KIDS VOICE APPROVAL OF CHAT TECH
IT IS something we all take for granted – the ability to chat freely with other people. But for these children, a new world has opened up thanks to advancements in technology.
Nine children, aged between six and 14, tested some of the world’s most cutting- edge communication devices during the first Townsville Camp Have a Chat, a three- day gathering for youngsters unable to speak due to physical or intellectual disabilities. The program is designed to help young people with complex communication needs to develop confidence and self- esteem by using new technology and techniques.
Children from as far away as Gordonvale attended the camp, held at Aitkenvale from Tuesday until yesterday. Cerebral Palsy League allied health manager and speech pathologist Rebecca Daniloff said people with communication problems often felt isolated. “Since the camp started ( on Tuesday) we have seen some new friendships forming,” Ms Daniloff said. “It is quite special to watch and is a real boost for the kids.”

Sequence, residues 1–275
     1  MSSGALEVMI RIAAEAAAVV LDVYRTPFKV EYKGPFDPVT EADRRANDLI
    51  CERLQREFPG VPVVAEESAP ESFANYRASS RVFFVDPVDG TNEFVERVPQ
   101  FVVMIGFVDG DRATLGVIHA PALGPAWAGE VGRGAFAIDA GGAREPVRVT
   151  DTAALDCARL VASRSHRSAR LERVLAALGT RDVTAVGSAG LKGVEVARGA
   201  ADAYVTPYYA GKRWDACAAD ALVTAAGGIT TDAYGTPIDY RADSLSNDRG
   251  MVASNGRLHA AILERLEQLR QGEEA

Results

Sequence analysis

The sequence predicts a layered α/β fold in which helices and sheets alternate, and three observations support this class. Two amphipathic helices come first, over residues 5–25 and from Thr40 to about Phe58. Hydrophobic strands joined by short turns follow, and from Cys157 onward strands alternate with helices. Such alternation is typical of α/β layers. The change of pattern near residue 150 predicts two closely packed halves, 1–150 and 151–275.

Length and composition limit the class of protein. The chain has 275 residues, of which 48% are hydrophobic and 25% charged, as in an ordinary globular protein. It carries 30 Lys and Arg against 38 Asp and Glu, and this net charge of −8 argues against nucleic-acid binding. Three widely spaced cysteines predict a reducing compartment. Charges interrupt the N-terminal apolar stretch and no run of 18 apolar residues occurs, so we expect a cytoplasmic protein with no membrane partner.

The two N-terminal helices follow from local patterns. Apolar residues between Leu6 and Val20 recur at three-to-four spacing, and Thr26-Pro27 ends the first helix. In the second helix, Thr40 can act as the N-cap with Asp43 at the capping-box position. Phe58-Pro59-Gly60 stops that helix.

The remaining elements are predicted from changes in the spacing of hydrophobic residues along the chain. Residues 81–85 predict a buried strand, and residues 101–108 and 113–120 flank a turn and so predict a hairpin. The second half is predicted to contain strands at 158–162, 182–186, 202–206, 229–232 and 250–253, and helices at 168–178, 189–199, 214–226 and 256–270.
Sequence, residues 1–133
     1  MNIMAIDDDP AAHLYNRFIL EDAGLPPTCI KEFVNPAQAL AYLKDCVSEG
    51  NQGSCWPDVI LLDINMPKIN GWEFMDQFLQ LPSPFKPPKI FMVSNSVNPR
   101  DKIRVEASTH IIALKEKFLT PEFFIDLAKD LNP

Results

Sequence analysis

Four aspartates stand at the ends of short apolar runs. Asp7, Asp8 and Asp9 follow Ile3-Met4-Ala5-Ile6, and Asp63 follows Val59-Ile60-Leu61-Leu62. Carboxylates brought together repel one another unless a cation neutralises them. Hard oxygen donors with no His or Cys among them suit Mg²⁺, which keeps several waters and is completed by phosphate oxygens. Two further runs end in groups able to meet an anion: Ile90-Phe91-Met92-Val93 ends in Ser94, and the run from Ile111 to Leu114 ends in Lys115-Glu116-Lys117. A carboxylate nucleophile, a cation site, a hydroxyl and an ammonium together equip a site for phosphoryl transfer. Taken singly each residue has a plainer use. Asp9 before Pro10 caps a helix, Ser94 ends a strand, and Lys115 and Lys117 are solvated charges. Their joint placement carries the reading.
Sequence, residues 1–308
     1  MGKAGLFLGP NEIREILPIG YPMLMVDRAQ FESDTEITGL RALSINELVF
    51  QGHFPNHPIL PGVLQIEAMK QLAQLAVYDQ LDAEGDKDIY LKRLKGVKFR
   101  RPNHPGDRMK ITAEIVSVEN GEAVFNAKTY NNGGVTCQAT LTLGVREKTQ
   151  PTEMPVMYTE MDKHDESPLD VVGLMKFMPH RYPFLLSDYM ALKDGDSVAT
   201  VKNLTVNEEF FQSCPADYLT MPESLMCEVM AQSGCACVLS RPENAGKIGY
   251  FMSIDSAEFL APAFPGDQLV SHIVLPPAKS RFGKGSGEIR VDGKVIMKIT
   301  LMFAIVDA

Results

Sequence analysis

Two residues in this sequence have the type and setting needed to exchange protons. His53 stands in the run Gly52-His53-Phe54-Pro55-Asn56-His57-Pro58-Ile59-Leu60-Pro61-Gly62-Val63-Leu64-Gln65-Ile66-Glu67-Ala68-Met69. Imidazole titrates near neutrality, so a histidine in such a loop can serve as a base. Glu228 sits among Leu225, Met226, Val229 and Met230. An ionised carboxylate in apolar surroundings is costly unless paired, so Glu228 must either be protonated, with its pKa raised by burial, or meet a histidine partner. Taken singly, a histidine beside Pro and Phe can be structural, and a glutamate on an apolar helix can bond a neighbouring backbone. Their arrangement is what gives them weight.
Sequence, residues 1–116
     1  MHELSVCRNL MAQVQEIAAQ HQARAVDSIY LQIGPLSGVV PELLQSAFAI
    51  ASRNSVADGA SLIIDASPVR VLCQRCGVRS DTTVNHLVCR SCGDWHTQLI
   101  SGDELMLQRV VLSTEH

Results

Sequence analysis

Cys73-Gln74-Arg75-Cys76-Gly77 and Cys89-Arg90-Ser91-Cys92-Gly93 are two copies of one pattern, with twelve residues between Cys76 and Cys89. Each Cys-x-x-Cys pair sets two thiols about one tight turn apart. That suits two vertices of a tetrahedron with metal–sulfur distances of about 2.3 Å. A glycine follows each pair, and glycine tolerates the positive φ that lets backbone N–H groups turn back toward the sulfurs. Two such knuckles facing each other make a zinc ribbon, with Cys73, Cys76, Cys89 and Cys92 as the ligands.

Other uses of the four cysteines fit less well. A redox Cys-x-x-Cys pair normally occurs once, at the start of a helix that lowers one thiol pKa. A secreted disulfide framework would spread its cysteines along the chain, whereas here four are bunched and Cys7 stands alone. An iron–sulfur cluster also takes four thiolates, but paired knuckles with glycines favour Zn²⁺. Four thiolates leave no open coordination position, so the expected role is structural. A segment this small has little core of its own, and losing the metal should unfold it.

The children have trialled various communications books, iPad applications, and hi- tech devices. The products can range in price from $ 350 for an app to $ 20,000 for some of the most advanced devices.
“There is a big price range and CPL therapists help families select the best options for them and provide advice to families about ways to access government funding,” Ms Daniloff said.
“Some of the children have devices already, while others have recently gotten their devices and others are waiting for them to arrive. It gives them a voice.’’
TEST TALK: Speech pathologist Jessica Moll guides Poppy D’Arcy, 9, through some gadgetry at Camp Have a Chat.